It’s Eating Disorders Awareness Week and the theme is Binge Eating Disorder. For our Senior Dietitian, Paula, thinking about food differently and redefining our relationship with food is an essential piece of work in recovery from Binge Eating Disorder. Here are some ways she supports our clients in treatment…
Binge eating disorder is a complex mental illness, but it is treatable and with the right support, recovery is possible.
There is no “one way” to have BED – one person’s experience of the illness will look different to another’s. Yet there are shared characteristics and one such example is the experience of bingeing. Individuals with BED often described being “trapped” in a cycle of bingeing: feeling great shame or guilt after bingeing, restricting or dieting as a means of compensation, then experiencing an emotional trigger or physical deprivation that can cause them to binge once more. The cycle continues…
Yet BED is not just about food. Rather, food is a symptom of often complex underlying emotional causes that may be compelling someone to cope or self-soothe through food. Treatment at Orri involves looking at the whole person experience of the illness, and one such part of this is someone’s relationship to food and eating.
For our Senior Dietitian, Paula, thinking about food differently and redefining our relationship with food is an essential piece of work in recovery from Binge Eating Disorder. Here are some ways she supports our clients in treatment:
Removing labels around food, such as “good” or “bad”
Diet culture is ubiquitous and has taught us to think of food as either “good” or “bad”. By eating either of these foods, we are either “good” or “bad”. But food has no intrinsic moral value. And we are neither “good” nor “bad” for eating something. These associations or beliefs are merely a product of diet culture and serves to prop up a billion-dollar industry. Finding freedom from these belief systems is crucial to developing a healthy, intuitive relationship to food.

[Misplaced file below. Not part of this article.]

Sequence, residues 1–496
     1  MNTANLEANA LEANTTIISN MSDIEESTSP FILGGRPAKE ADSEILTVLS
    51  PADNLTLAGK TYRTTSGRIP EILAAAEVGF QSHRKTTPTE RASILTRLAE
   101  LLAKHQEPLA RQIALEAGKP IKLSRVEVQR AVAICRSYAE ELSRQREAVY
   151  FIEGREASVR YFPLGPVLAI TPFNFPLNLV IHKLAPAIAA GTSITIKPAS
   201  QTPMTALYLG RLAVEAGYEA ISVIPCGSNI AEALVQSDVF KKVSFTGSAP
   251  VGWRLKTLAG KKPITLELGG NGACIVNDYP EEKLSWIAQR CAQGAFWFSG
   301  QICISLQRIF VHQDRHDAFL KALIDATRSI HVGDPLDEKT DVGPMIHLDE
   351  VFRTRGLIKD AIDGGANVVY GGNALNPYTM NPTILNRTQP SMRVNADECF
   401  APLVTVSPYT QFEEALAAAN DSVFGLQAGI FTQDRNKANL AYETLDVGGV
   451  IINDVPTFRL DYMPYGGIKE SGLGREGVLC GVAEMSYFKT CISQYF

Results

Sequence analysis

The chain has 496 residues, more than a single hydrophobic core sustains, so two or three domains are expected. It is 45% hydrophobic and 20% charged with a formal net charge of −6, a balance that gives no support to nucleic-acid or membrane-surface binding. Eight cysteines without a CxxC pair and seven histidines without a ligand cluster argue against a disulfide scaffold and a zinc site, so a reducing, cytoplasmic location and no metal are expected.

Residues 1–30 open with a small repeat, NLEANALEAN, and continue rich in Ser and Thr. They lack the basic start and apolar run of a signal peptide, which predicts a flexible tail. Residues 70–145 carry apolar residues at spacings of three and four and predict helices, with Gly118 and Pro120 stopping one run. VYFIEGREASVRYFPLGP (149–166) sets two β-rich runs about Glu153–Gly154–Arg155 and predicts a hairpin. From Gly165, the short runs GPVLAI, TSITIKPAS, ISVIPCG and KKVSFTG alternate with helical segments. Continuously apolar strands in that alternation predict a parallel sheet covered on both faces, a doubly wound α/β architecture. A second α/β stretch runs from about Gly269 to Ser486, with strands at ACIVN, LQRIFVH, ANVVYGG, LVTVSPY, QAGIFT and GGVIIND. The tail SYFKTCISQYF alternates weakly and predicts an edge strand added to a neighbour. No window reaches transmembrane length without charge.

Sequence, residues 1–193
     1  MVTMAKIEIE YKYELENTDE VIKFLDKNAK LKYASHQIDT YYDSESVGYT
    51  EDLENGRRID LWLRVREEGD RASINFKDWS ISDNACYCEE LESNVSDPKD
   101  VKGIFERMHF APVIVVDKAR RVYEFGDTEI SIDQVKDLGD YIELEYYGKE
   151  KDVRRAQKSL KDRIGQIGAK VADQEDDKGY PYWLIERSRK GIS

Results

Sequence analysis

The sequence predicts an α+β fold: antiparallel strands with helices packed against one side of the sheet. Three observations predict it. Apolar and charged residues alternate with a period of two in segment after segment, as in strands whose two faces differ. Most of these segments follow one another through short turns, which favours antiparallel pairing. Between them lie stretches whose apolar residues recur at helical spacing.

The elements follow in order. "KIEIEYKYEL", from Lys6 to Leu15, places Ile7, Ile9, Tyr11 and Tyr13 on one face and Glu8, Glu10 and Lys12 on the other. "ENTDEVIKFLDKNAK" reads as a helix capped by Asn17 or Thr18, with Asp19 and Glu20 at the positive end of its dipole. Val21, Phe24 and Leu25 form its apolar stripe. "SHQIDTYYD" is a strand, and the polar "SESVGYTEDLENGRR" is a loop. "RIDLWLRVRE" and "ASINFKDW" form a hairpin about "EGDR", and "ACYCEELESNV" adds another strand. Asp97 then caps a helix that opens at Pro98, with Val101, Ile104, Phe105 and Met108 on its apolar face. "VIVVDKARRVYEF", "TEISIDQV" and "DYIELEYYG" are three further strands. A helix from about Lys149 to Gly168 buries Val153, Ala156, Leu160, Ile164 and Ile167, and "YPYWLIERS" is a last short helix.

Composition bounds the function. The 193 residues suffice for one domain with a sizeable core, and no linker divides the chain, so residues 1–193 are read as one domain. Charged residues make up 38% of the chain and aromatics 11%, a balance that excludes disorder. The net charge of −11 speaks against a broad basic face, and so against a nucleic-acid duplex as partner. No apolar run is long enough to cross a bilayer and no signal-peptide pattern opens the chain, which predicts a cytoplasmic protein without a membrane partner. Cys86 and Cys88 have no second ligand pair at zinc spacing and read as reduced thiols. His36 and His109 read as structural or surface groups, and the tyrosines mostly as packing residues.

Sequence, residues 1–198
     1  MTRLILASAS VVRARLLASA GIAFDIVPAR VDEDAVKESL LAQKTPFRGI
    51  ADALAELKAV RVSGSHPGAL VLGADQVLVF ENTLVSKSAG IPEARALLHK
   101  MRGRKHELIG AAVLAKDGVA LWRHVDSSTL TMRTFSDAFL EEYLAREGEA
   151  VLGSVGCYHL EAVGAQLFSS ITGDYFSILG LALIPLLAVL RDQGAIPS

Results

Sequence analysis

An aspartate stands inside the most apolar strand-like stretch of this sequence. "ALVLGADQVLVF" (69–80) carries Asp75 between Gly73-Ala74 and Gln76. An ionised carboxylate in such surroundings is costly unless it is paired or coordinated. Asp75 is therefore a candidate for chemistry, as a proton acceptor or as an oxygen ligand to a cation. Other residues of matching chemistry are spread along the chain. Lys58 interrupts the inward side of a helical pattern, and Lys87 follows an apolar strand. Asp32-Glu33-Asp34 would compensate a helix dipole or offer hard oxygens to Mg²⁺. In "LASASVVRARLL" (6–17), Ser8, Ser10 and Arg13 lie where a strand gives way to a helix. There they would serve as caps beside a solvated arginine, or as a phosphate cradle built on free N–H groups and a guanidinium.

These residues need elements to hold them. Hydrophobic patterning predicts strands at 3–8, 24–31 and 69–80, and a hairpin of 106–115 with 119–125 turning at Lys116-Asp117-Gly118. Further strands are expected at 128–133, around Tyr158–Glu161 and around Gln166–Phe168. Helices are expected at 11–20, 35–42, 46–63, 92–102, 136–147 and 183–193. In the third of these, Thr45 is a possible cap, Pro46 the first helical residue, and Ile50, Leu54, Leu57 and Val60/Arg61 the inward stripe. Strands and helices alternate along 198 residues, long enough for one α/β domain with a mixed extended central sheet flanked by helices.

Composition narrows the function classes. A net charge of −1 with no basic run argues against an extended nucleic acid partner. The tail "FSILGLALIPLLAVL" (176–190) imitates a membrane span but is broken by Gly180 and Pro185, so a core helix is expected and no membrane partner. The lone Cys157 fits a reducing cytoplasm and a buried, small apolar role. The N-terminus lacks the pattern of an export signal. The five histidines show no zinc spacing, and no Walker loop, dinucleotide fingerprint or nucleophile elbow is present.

Throwing away the rule book around food
Abiding by strict rules around food can actually make us crave the food even more, thus becoming more tempting when we are in a situation – or experiencing certain emotions – that can trigger a binge. If we allow ourselves to eat more intuitively – without the rules! – we will naturally find a balance that is both satisfying and enjoyable.
We know that this is often an incredibly difficult process, as such, Paula helps educate clients about food, busting myths where needed and offering specialist insight and guidance to ensure that clients feel confident and empowered to make the right decisions for their recovery.
Saying goodbye to guilt
Guilt only serves to compound the ‘voice’ or belief system of the eating disorder. Instead of feeling guilty, we support our clients in developing a compassionate voice in response to challenging situations. You are not your eating disorder, and learning to distinguish between your ‘well’ self and the ‘voice’ of the eating disorder is a really helpful chapter in recovery.
Doing away with counting calories and dieting
Counting calories or engaging in a certain diet will only keep us trapped in the cycle of binge eating. Eating disorders by their very nature are defined by preoccupation with food. We don’t encourage something that could add more fuel to the fire.
Finding joy and comfort in eating again
Paula helps clients to identify the foods they actually enjoy and feel comfortable eating. Eating disorders take away all the pleasure that comes along with food, as well as the joy that comes from eating socially and feeling engaged in “normal” activities around food. Together, we help clients to uncover that joy once more so they can return to a space of comfort and curiosity with food and when eating with others.